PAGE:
While van Gisbergen had remained coy regarding his chances in the race all week, hopes were high following an impressive practice and then qualifying session.
What followed was nothing short of special, the three-time Supercars champion putting together the perfect race in challenging conditions to take victory over Justin Haley.
The win stands as the first time a driver has won on NASCAR debut in over 60 years. It also makes him just the seventh driver to win on debut in the 75-year history of the sport.
“This was so cool. This is what you dream of. Hopefully, I can come and do more,” van Gisbergen said following a massive burnout in front of a loud Chicago crowd under the dying sun.
“The racing was really good, everyone was respectful. It was tough but a lot of fun,” he said. “The fans in Australia and New Zealand, the response this week and the coverage has been – I can’t explain it.
“Like the response and the support I’ve got from everyone and even over here how welcoming everyone is, I can’t believe it. Dream come true.”
The Grant Park 220 was NASCAR’s first time over the tight street circuit, and it was an event worth remembering, with a shock winner, multiple cautions, a lengthy rain delay and a strategy masterclass.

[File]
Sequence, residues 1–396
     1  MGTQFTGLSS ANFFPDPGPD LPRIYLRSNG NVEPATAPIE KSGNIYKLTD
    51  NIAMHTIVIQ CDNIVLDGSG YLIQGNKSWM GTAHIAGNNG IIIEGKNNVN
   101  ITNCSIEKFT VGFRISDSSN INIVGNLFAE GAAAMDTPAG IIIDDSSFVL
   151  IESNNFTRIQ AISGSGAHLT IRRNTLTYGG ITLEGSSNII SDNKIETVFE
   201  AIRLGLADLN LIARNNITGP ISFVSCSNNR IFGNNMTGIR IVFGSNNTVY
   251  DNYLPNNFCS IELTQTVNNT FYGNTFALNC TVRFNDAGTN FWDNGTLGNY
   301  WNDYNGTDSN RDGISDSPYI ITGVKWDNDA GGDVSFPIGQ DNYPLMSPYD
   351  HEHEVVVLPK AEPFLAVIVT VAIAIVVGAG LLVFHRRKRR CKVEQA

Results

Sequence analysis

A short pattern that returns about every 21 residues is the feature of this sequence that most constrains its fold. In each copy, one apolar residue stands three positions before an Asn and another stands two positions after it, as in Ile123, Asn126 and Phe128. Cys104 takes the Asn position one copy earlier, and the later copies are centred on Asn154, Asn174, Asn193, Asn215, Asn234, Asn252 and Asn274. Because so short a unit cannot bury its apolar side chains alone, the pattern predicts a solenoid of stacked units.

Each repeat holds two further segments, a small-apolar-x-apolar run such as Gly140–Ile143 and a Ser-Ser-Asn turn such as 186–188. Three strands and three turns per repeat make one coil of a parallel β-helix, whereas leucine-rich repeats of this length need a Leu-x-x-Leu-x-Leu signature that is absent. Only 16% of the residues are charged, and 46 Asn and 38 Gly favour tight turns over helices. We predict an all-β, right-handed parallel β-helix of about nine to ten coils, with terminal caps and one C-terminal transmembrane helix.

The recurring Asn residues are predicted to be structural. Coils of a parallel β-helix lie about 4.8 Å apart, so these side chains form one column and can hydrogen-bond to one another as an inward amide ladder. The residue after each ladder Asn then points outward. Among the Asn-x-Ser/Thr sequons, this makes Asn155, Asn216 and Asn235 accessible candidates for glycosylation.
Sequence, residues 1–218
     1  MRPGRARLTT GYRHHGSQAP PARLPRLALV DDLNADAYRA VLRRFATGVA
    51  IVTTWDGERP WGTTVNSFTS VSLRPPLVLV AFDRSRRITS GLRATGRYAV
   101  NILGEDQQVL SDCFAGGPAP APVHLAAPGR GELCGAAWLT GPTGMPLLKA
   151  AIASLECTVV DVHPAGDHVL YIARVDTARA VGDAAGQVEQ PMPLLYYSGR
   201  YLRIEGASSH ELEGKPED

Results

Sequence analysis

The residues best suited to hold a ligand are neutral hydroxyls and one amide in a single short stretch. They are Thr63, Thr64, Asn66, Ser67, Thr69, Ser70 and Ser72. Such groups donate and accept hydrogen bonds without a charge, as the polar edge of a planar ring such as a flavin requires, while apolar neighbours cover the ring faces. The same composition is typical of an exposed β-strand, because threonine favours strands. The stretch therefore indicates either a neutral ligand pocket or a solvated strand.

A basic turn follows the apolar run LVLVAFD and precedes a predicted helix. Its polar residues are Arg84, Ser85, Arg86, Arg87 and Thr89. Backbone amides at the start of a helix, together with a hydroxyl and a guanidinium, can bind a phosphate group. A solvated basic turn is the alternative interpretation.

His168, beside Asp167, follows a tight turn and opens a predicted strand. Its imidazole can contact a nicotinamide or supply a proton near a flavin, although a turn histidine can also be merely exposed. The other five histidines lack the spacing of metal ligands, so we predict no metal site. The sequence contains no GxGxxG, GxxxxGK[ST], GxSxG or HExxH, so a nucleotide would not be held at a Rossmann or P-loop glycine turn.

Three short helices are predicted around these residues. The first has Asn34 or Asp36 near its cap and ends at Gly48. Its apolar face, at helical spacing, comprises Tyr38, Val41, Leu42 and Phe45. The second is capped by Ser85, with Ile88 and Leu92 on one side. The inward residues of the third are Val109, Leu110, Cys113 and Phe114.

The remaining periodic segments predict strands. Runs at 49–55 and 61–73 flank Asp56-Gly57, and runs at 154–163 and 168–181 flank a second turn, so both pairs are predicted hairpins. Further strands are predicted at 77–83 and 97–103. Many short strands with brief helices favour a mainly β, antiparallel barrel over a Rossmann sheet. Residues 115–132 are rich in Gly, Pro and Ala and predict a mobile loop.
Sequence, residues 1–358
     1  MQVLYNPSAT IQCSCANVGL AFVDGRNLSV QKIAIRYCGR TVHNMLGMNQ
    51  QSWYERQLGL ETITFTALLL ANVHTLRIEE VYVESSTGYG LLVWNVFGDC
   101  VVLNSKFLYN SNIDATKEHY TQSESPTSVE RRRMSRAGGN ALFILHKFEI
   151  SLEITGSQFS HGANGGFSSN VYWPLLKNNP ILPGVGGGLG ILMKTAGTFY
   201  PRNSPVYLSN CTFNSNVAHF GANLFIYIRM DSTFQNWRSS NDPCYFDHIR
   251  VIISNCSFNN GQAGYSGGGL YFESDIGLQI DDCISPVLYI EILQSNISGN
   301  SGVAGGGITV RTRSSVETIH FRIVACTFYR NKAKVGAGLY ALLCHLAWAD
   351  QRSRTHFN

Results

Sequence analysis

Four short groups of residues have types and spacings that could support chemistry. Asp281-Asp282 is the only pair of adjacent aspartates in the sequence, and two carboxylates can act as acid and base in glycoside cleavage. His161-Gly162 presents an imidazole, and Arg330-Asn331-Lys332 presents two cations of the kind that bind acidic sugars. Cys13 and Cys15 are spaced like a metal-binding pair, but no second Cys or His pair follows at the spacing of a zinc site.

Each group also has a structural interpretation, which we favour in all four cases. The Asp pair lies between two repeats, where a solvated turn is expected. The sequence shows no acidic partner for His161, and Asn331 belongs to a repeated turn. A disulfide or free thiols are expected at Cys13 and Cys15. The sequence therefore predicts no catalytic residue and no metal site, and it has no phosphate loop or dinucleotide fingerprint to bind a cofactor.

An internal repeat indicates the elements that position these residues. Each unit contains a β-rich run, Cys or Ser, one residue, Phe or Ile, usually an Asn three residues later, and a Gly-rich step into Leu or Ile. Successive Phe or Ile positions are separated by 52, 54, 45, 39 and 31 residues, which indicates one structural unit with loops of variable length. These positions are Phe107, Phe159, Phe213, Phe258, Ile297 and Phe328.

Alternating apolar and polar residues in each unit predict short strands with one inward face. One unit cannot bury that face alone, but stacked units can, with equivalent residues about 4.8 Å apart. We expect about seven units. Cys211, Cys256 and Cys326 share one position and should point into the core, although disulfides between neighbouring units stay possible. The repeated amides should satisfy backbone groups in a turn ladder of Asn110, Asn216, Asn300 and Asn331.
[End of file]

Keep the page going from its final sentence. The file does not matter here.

Standing water had seen the start pushed back an hour, with racing finally commencing nearly 90 minutes after the scheduled start time.
Van Gisbergen started well from third and kept his position over the opening exchanges before taking second spot off Tyler Reddick ahead of the first round of stops.
Once those had been undertaken, van Gisbergen re-emerged in second, behind only Christopher Bell, as the field switched to slicks on a drying surface.
The Kiwi proceeded to lose places off a Lap 34 restart, dropping to fifth until a fourth caution was called for on Lap 41. He regained one spot off this restart, with the track only staying green for two laps.
Under the fifth caution, it was announced the race would be reduced from 100 laps to 75, resulting in half of the pack stopping for a two-stop strategy while others remained out.
Van Gisbergen was one of those to stop, opting for fresher rubber to bring the race home. This saw him drop to 18th with only 30 laps remaining.
From here, what transpired was nothing short of a Shane van Gisbergen masterclass, the Kiwi making incredible moves and holding firm as his rivals faltered to return to the front and sit third with nine laps to run.
Up front, Haley and Chase Elliott were on older rubber, having opted for a one-stop strategy. Van Gisbergen passed Elliott off a Lap 66 restart and appeared to take the lead on Lap 67, only for an untimely caution to force him to return to second.
That was no issue for the eventual race winner, who took the lead on Lap 70, with only five laps to run, and began putting time on the field.
Another late caution pulled this back, and the race put into a two-lap ‘overtime’ off the restart, which saw van Gisbergen keep his nerve and hold on for an inspiring race victory which will go down in NASCAR race history.